Bosses at male grooming company Lynx were left red-faced and sweaty after having to admit the fabled “Lynx Effect”, that prevented perspiration for up to 24 hours, was actually just the UK’s mild climate.
The brand is known for it’s catchy jingles and racey adverts featuring scantily clad women, but the scientific evidence could not compete with their normal rigorous standards.
It was eventually some “slightly humid” and “warmer than usual” weather that foiled the company, as the mercury in the UK reached the mid-20s for the first time in decades.
Consumer watchdog Linda Pembridge claimed she was always sceptical of the brand. Writing in The Sun newspaper she said: “I’d never trust any company or organisation that tried to pull the wool over the public’s eyes by using tawdry images of naked women, and trying to rely purely on style over substance.”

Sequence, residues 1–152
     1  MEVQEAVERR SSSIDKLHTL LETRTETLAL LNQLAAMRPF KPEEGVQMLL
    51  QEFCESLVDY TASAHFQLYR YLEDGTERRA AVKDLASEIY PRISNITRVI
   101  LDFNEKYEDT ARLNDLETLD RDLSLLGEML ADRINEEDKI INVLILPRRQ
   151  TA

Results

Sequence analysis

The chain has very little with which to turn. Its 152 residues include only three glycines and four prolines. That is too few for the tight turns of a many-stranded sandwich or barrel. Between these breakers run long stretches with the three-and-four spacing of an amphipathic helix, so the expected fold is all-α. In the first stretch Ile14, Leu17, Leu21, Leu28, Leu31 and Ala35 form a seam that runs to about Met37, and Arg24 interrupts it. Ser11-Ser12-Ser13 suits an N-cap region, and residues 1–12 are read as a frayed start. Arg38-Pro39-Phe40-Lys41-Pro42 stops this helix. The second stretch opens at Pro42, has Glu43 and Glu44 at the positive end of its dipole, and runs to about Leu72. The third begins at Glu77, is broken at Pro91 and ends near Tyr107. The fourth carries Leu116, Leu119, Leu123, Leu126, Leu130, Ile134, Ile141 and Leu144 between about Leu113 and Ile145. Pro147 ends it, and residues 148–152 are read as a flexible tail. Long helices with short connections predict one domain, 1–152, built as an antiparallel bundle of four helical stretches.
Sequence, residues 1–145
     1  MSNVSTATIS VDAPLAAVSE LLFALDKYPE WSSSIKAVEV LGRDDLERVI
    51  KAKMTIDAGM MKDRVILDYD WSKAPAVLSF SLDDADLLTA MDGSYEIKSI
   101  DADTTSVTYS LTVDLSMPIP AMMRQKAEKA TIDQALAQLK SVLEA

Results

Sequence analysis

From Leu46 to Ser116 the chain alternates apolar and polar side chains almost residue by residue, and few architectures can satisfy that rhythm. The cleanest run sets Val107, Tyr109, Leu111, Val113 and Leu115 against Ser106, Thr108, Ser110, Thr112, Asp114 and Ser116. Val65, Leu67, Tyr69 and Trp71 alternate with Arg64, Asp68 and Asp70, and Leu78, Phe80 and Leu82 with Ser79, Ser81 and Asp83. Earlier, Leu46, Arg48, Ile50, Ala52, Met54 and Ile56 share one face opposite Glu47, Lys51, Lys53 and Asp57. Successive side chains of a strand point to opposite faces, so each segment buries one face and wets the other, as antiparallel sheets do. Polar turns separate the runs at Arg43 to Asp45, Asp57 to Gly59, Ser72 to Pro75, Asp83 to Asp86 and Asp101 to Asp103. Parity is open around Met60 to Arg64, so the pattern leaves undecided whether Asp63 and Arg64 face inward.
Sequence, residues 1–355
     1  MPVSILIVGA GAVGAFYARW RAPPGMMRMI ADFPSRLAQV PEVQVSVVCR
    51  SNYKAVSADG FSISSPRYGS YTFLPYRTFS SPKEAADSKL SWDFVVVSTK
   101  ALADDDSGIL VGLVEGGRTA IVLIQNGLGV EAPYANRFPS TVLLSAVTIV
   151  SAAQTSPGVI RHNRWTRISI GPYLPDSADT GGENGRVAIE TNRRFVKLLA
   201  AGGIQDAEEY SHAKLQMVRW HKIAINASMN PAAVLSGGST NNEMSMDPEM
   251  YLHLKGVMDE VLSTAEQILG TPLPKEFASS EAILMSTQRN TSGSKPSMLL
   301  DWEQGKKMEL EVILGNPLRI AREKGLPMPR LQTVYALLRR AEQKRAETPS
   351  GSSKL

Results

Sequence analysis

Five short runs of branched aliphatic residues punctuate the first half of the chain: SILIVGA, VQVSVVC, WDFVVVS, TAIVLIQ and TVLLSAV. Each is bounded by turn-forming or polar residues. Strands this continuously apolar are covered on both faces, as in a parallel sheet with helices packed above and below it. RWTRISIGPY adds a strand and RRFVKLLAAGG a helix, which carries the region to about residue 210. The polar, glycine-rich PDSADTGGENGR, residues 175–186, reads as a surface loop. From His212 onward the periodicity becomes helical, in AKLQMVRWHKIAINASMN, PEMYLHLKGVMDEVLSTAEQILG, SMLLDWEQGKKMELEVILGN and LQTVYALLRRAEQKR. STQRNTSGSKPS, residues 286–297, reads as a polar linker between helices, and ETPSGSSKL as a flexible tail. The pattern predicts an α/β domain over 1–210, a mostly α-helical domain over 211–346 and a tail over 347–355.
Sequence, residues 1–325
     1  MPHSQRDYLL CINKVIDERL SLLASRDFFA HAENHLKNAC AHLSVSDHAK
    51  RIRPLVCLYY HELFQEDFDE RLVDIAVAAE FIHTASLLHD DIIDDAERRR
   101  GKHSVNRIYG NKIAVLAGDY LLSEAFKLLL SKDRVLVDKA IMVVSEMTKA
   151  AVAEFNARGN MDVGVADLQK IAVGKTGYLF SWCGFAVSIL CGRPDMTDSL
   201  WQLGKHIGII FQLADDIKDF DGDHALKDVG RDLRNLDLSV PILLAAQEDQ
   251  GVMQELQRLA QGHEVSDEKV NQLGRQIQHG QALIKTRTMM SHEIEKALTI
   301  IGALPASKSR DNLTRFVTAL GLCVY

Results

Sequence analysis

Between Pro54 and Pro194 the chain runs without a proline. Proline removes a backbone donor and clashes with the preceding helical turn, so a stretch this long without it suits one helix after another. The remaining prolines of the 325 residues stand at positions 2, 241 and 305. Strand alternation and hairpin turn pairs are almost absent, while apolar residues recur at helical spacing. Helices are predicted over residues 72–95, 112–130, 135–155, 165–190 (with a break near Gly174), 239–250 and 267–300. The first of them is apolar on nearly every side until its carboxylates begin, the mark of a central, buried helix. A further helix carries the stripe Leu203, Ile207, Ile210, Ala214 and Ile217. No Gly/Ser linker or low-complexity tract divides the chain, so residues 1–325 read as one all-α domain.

The final nail in the coffin occurred when the temperature hit 19 in Scotland and teenage males across the region were left frantically googling what the beads of liquid spontaneously appearing in their underarms were.
Top brass at Lynx have reacted quickly to employ Kelly Brook, Lucy Pinder, Lacey Banghard, and other lads mag favourites, in a bid to stem the flow of negative publicity and confuse the pubescent minds that purchase their products.
They are expected to be successful.